That’s the question my friend Greg Forster put to me after I listed four “moves” that I think conservative folks should make to avoid getting caught up by the culture wars.
It’s probably safer for me simply to agree with Greg and then move on, a course that I’m strongly tempted to take. But the pleasant disagreements are often the most fruitful sort, so it’s worth pushing forward a step to see what we find.
A note up front, however: I take it that Greg seems to think that I’ve tried to specify the nature of conservatism in my post and as such it fails. That he thought I would attempt such a thing is indicative of my lack of clarity (and perhaps a reputation of biting off more than I can chew).
My point wasn’t to specify the nature of conservatism per se, but only to outline what those culture-warriors who happen to be conservative should do in order to reframe how they think about things. The difference is subtle, but important: there are other principles that conservatism needs, as Greg’s post clearly highlights. Which is why I even suggested up front that I’d gone with a “misnomer,” and that my goal was to highlight the differences with the excesses of the Christian right rather than what I have in common. Non-culture war conservatism, as it were, rather than non-culture war conservatism.
That said, Greg points out that that a robust doctrine of creation “gives us an external standard against which to judge the social order as we find it – a standard toward which we should presumably wish the social order to make progress.” That is doubtlessly true, which is why we shouldn’t be so hardened in our conservatism that it becomes the sort of ideology that Greg doesn’t want us to become enmeshed in. I’ve sometimes appealed to Chesterton’s famous quip that, “The business of Progressives is to go on making mistakes. The business of the Conservatives is to prevent the mistakes from being corrected.” I’ve no interest in an “ideological dispute” if by that we mean the sort of blinkered, reactionary adherence to a position simply for the sake of keeping the opposing spirit alive. And while “conservative” and “progressive” (or these days, “liberal”) are often ideological terms they do not need to be.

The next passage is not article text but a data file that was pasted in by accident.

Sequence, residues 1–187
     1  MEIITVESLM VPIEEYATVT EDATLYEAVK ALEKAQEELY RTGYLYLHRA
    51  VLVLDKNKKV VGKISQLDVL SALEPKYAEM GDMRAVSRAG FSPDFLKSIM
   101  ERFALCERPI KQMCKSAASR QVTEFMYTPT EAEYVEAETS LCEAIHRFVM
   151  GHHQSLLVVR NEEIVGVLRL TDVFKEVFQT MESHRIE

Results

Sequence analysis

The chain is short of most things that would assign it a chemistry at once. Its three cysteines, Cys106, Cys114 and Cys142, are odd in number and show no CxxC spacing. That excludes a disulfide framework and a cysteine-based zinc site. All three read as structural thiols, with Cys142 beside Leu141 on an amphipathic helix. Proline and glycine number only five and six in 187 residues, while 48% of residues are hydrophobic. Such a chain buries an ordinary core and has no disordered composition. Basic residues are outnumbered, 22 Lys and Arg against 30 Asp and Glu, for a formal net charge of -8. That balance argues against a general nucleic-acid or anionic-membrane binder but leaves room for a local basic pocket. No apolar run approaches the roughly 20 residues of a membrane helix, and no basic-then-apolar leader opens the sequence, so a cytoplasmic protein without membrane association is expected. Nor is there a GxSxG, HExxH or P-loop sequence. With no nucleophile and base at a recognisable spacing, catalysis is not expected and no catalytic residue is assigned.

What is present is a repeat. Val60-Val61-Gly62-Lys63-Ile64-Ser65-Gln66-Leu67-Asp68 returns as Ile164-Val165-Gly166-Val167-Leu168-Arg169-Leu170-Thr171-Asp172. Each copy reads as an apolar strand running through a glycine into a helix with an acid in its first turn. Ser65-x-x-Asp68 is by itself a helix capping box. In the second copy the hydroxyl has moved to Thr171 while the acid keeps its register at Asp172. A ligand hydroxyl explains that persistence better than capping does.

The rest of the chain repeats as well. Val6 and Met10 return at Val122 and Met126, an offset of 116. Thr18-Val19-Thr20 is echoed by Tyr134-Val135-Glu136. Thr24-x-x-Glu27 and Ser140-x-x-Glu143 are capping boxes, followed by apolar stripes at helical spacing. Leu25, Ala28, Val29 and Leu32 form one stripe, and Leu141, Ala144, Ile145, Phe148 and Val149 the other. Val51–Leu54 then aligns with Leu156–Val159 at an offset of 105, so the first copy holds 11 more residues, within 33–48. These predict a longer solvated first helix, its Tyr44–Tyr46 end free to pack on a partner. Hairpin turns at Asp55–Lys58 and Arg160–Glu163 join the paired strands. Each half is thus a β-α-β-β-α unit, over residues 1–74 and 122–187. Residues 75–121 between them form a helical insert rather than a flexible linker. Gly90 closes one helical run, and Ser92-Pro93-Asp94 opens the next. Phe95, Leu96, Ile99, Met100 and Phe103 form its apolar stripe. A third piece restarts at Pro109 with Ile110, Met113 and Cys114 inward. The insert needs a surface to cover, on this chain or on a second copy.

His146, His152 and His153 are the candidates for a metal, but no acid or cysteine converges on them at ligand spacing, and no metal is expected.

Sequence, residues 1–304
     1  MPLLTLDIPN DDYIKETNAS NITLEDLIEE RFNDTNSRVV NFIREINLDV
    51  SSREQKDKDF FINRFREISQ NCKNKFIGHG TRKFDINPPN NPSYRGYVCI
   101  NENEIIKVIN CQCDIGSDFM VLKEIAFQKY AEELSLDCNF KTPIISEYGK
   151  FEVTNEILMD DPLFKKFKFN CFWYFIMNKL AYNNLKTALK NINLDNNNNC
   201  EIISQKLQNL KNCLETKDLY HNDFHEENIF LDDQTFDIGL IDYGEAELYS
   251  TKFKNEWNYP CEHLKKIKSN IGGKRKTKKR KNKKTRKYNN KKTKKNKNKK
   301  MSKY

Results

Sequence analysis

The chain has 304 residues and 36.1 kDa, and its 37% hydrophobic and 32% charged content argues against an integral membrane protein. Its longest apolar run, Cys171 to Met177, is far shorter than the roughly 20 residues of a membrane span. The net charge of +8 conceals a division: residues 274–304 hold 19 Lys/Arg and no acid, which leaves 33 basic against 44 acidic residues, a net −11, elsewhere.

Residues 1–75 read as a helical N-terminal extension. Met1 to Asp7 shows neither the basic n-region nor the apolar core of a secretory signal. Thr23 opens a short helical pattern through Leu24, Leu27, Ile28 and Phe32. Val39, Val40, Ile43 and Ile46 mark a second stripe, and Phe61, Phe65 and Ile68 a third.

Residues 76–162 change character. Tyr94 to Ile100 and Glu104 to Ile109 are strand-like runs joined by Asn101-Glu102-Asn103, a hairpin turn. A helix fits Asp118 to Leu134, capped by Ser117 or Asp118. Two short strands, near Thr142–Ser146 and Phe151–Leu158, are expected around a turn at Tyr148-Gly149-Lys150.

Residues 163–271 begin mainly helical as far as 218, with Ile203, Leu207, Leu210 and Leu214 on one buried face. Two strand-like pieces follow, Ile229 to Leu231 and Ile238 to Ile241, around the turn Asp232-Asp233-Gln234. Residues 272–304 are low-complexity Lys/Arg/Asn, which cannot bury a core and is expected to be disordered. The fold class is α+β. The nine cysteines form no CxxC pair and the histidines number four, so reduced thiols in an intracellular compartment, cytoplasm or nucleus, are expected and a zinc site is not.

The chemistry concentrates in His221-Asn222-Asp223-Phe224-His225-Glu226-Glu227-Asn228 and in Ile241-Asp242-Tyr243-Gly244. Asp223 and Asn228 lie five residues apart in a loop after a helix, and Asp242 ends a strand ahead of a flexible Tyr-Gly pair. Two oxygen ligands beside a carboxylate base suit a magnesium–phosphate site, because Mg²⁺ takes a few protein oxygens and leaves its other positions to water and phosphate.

But for whatever it’s worth, rejecting the suggestion that conservatism as an ideology is a distinctly conservative thing to do.
Second, Greg wants to know what differentiates my affirmation of the moral imagination from that of, say, Romanticism. Not much, except that we’ll take our poetry with a bit of moral order too. Keep moves one and two together rather than breaking them apart and you’ll stay firmly lodged within a traditional understanding of morality without being subject to the reactionary resentment that drives so much of our politics. Greg’s critique seems to suggest a burden for the moral imagination of avoiding Romanticism all on its own: it cannot, which is why we must get the doctrine of creation right.
Third, Greg raises the prospect that the counter-polis move is most often associated with revolutionaries, even those (like Alasdair MacIntyre) of the crypto-Marxist sort. That may all be true, but O’Donovan is not swimming in the same stream that MacIntyre is, nor am I. Simply because the move shows up in a variety of places does not entail that it is distinctively non-conservative. Affirming that the church is its own culture does not mean we ought all go become localists or sign up for Benedictine communities, and if MacIntyre’s route seems the most plausible that is only because O’Donovan’s path still has not been studied enough.
Finally, I’ll leave the decision to others about whether it is “conservative” to affirm exceptionalism based on America’s responsibilities rather than its virtues. If it is not, as Greg suggests, then so much the worse for the term and the movement that claims it.